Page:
But as the charges have not yet been announced, the commission took the unusual step late Tuesday and released a report saying that four of the 21 soldiers on patrol opened fire that morning.
The report alleged that those four soldiers used excessive force and violated the men’s rights.
According to the report, the soldiers tracked the pickup in the early hours of the morning based on only “suspicion” and did not follow proper procedure in engaging the vehicle.
“Without giving verbal orders (to stop), one soldier opened fire on the back of the private vehicle and three other soldiers did the same to support the former,” the report said.
Shortly after the shooting, the Defense Department confirmed soldiers opened fire on the truck, saying it was cooperating with civilian prosecutors who were investigating the deaths.
The department said the soldiers heard gunshots and approached a pickup truck in the early hours with no license plates and no lights.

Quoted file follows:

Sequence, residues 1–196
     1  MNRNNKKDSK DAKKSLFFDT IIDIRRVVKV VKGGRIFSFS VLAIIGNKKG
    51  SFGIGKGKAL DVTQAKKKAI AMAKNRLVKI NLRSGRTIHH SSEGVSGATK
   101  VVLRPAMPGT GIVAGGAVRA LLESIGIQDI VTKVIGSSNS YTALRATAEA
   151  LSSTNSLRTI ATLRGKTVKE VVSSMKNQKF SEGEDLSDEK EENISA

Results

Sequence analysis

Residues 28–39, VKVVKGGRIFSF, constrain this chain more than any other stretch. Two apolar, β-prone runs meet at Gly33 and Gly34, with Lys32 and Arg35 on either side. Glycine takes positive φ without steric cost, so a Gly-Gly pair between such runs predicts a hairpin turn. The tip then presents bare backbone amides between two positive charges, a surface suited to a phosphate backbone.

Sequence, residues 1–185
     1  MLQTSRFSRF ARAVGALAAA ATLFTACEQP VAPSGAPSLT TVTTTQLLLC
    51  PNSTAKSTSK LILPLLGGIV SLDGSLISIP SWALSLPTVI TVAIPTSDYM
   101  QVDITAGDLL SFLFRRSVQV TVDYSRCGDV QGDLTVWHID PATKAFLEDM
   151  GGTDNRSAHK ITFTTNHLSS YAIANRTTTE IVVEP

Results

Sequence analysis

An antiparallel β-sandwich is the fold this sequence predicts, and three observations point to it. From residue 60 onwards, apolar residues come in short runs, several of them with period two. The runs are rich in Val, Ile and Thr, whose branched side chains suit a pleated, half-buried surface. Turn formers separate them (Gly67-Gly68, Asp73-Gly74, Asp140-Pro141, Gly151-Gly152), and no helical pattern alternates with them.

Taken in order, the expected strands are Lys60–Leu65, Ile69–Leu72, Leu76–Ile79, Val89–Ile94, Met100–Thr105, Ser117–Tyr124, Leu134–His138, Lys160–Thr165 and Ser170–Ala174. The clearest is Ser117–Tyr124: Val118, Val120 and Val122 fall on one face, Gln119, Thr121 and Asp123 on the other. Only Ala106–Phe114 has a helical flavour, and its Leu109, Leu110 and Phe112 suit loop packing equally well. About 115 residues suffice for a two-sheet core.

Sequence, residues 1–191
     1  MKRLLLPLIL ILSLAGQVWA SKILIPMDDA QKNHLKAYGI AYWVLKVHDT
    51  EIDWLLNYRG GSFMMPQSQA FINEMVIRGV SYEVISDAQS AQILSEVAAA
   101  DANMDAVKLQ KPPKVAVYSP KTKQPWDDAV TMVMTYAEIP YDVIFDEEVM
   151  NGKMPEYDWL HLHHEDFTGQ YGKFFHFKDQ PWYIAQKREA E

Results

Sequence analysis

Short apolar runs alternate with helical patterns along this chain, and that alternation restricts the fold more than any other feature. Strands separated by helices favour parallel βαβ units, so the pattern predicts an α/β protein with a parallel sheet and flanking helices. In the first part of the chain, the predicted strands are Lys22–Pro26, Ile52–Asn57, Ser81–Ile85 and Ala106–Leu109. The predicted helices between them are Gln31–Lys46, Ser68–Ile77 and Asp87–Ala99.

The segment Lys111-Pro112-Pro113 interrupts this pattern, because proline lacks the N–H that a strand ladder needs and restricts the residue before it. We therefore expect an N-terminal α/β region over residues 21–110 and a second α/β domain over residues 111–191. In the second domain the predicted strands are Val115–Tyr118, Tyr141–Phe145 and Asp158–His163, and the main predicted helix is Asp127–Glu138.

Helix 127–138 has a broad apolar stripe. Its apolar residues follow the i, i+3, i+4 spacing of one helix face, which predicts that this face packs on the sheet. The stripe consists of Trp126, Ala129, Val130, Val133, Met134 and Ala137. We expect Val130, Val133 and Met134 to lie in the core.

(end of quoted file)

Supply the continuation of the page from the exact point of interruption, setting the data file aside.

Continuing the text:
“On seeing the army troops, they (the occupiers) accelerated brusquely and evasively,” the statement said.
The soldiers said the speeding pickup then crashed into a parked vehicle. Soldiers said that when they heard the crash, they opened fire. The military did not say whether they thought the blast was a gunshot.
There was no indication in the crime scene reports that any weapons were found in the vehicle after the shootings, and the Human Rights Commission said there was no evidence of shots being fired at the army patrol.
The commission recommended that the case be pursued and that reparations be made to the families of the victims.
Nuevo Laredo is dominated by the violent Northeast Drug Cartel, an offshoot of the old Zetas Cartel. Soldiers and Marines have regularly come under fire from heavily armed cartel gunmen in Nuevo Laredo.
The city has also been the scene of human rights abuses by the military in the past.
In 2021, the Mexican Navy turned over 30 Marines to civilian prosecutors to face trial in the cases of people who disappeared during anti-crime operations in Nuevo Laredo in 2014. Marines were charged with rounding up suspected suspects, some of whom went unreported heard . In 2018, dozens of people disappeared in Nuevo Laredo.
Under Mexican law, military tribunals can hear only cases involving violations of the military code; . Crimes against civilians should be tried in civilian courts.